Hey Sleepyhead, How Many Hours of Sleep Do You Really Need?

July 25, 2013
by Michael Barber
Hey Sleepyhead, How Many Hours of Sleep Do You Really Need?

The number of recommended sleep hours you need each night depends on age, however, there are other factors to consider such as health conditions and the medications you take. So, how many hours should you slumber and when should you be concerned about sleeplessness?

Recommended Sleep by Age

The Mayo Clinic says sleep needed according to age is:

  • Infants: 9 to 10 hours with daily naps of 3 hours or more.
  • Toddlers: 9 to 10 hours with up to 3 hours of naps per day.
  • School-Aged Children: 9 to 11 hours each night.
  • Teens: 8.5 ours to 9.25 per night.
  • Adults: 7.5 hours to 8 hours.

Infants who sleep too much or too many hours may need physician family care to determine the reason, especially since they are unable to communicate problems.

Health Conditions That Affect Sleep

Some people are unable to gain recommended sleep hours due to health conditions. These include:

  • Congestive heart failure
  • Breathing issues such as asthma, COPD or emphysema
  • Sleep apnea
  • Diagnosed sleep disorders, insomnia
  • Acid reflux disease
  • Obesity
  • Urinary incontinence
  • Hyperthyroidism
  • Chronic pain
  • Dementia
  • Parkinson's Disease
  • Fibromyalgia
  • Restless leg syndrome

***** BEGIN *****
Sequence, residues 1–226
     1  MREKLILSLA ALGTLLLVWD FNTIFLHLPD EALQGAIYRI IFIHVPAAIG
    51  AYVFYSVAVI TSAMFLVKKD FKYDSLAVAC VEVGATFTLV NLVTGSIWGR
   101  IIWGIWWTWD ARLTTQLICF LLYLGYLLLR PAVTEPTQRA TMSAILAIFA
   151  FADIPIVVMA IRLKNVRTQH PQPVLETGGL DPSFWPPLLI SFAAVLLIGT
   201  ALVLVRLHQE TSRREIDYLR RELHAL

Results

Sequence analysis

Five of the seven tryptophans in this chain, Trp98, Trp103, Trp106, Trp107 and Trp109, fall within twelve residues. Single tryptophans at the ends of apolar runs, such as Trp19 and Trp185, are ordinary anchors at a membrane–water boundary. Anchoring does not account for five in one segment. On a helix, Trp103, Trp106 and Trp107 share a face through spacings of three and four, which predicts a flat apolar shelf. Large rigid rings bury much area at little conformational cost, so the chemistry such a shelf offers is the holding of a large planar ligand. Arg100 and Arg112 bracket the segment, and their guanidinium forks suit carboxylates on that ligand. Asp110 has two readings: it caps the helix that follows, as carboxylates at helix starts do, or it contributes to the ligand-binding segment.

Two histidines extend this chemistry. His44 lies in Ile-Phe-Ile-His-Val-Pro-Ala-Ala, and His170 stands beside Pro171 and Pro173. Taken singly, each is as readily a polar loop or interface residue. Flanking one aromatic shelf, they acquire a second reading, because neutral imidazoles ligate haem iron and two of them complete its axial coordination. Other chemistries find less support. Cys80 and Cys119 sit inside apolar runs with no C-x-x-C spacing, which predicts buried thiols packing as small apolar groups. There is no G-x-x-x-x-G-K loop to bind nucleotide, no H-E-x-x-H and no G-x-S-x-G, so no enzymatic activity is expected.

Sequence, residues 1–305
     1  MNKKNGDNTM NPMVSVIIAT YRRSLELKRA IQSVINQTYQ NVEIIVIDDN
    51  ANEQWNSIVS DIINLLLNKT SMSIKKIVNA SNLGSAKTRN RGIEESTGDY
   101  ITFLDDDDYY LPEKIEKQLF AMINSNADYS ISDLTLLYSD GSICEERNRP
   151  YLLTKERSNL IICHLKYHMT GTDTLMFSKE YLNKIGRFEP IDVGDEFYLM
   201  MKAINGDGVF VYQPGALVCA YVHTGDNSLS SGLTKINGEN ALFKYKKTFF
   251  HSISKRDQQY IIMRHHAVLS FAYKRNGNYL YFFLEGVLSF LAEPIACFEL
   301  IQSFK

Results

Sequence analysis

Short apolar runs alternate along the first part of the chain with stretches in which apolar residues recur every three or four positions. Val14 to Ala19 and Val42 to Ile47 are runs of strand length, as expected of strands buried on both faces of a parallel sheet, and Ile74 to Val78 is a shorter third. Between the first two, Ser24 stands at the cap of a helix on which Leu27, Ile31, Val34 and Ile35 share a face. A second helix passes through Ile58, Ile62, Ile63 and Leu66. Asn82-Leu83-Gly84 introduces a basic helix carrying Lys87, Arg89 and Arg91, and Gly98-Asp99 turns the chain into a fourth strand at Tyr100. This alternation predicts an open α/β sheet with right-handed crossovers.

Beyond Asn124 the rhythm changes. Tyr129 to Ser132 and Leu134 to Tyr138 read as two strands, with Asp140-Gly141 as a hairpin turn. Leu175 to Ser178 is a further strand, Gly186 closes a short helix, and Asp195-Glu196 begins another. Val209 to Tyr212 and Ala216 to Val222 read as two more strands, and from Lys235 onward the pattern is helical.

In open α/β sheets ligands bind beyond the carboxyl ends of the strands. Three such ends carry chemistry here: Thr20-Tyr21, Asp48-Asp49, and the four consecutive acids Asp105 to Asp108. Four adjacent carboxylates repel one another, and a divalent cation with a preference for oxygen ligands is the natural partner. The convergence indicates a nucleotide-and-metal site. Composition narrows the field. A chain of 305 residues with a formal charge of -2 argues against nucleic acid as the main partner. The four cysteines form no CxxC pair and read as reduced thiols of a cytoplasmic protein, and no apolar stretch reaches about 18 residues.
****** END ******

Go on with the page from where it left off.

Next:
There are also psychiatric conditions that may cause you to lose sleep including:

  • Psychosis
  • Mania
  • Depression
  • Anxiety
  • Posttraumatic stress disorder (PTSD)

If you suffer from one of these conditions and sleep is a problem, it's possible to get immediate help from 24 hour urgent care centers.

Sleep Deprivation from Medications

Some people are sleepless from a variety of medications — including prescribed medications. Ask your family care doctor if you are taking OTC drugs or prescription medicines and experience sleep problems.

Common medications include:

  • Decongestants like pseudoephedrine, especially if taken too late in the day.
  • Alpha or beta blockers for high blood pressure.
  • Corticosteroids used to treat lupus, arthritis and gout.
  • SSRI antidepressants, these are best taken in the morning upon awakening.
  • Ace inhibitors for high blood pressure, kidney disease or diabetes
  • Glucosamine and chondroitin as these can cause intestinal upsets
  • OTC cold, flu or cough medications, especially if taken more than directed

To ensure your sleep in uninterrupted, follow your doctor's instructions on medication doses and times. For OTC drugs, read the directions or ask a pharmacist.

How to Recognize Sleep Issues

Many people say they suffer from insomnia when in fact, their sleeping patterns or slumber environment may be to blame.

On average, people fall asleep within 15 to 20 minutes after lying down. If you find you are tossing and turning, you may be getting too much sleep. If you fall asleep too quickly, you may need more rest.

Waking up before the alarm goes off may mean your brain is sending signals that your body has gotten enough sleep. If you find yourself dozing off during the day, you probably aren't getting enough sleep.

Your slumber space can also be to blame. Do you always fall asleep on the sofa instead of heading to a more comfortable bed? If you work the night shift, does your bedroom have black-out drapes so your body thinks it's nighttime? Do you leave on the television and noise prevents you from sleeping?

Even with recommended sleep hours, if you experience difficulty in sleeping, start a sleeping log on what time you went to bed, how long it took you to fall asleep and the hour you awoke. Sleeping logs can help physicians determine the cause of your sleeping issues.